Five, Four, Three, twoone…BAMB we’re off! You gotta check out the videos of the start, I’ve never seen anything like this in mountain bike racing. 900 racers taking off. Ross and I got with the 10-11 hours starters/finishers because we got to the start a bit late and found absolutely no space to put our bikes in the sub-nine staging area. Ken was in the top 100 last year and was upfront relaxing with the fast guys (lucky dude). It took a minute or so for the accordion to stretch allowing our wheels to get rolling, then it was a desperate and hilarious video game trying to crawl, sneak and finagle our way into the top 100. 3 miles later I had moved up into the top 50 and the police escort drove off…race on. Damn that was a lot of unneeded stress trying to get up front, I had no intentions of getting off and walking the first climb and knew you have to be up front at this point, it only takes 1 rider to dismount and then all chaos can prevail behind him. I felt decent, spent more energy then I wanted getting up front but non the less I was there. I settled down into a decent tempo and followed the train up and over St Kevin and then up to the power line where Ross caught up to me. A small group of us soldiered up the hill and the decent down the power line was status quo. Ross was riding full suspension, I was riding a hard tail so he pulled out of site on the down hill but I caught him and a small group before the fish hatchery and we formed a fairly organized double pace line and began picking people off. By the time we made it to the first check point we had worked into the top 30 and I was on track for my sub-eight and feeling good. We hammered through the pipeline over to Twin Lakes. Connie, Karen and Tiff greeted us with smiles and gave us what we needed to for the push up Columbine. We set up our support tent before the scorer’s tent, so when Ross and I passed through I was in 42nd place and he was in 45th. 2:36 elapsed time - 6 minutes off the top 20 guys - my fastest time compared to last 2 years. Legs still felt good, heart rate was as normal as can be for an Ohio boy but something was stirring in the stomach, I kinda dismissed it as temporary and began the assault on Columbine. This is always where 6-4foot 190lb sea level dude gets crushed, but I was trying to redeem myself this year for I trained as much hills as I could this year, but soon realized something was amiss as I was slowing down and riders began to pass me. My stomach was beginning to inflate. I felt my skin stretching and imaginary weight gain in first two miles of the climb. I laughed! I pushed on and backed off the pace, hoping the GI issues were only temporary, by the time I reached the aid station at 12,800 feet I had dropped back to 91st place with a time of 4.29. OUCH! I was losing my split time goals. Ross had passed me at the bottom of the climb and said he would notify EMS at the top to prepare for the first Leadville 100 race day birth. I tried to hang on his wheel but no dice, I offered him my extra 30 lbs of body weight in exchange for is extra 5 lbs of bike weight, but he flipped me off and rightfully so and finished the climb in 77th place at 4:27.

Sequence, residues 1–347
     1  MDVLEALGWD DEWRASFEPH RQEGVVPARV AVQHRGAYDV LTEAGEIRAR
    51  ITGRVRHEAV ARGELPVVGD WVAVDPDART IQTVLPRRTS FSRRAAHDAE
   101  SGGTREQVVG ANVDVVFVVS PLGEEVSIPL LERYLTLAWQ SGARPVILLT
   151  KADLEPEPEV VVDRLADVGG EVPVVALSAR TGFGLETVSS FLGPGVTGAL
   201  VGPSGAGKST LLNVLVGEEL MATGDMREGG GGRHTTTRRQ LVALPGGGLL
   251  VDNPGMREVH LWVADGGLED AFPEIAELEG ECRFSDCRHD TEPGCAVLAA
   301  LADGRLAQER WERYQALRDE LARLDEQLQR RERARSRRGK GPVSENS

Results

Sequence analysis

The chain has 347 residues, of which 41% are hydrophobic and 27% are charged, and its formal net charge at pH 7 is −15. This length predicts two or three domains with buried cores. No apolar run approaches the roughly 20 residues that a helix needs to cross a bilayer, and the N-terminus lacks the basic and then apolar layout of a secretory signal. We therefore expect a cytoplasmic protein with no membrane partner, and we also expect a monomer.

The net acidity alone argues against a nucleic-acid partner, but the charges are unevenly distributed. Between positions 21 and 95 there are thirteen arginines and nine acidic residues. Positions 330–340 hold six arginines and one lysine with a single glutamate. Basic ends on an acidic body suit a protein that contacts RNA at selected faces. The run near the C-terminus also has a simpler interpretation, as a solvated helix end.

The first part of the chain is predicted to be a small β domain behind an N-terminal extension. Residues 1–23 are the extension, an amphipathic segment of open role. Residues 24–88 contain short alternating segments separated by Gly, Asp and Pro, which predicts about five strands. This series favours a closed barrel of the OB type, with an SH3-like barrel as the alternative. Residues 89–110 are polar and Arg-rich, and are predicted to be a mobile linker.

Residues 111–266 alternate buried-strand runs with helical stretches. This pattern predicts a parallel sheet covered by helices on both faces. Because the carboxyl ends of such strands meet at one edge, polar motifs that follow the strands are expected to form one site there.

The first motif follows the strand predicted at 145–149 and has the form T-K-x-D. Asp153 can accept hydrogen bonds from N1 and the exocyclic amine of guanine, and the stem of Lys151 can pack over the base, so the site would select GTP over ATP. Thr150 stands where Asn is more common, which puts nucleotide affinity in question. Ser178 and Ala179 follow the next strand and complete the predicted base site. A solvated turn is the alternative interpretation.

Pipeline1 Twin Lakes1 ColumbineMine Twin Lakes2 Pipeline2 Finish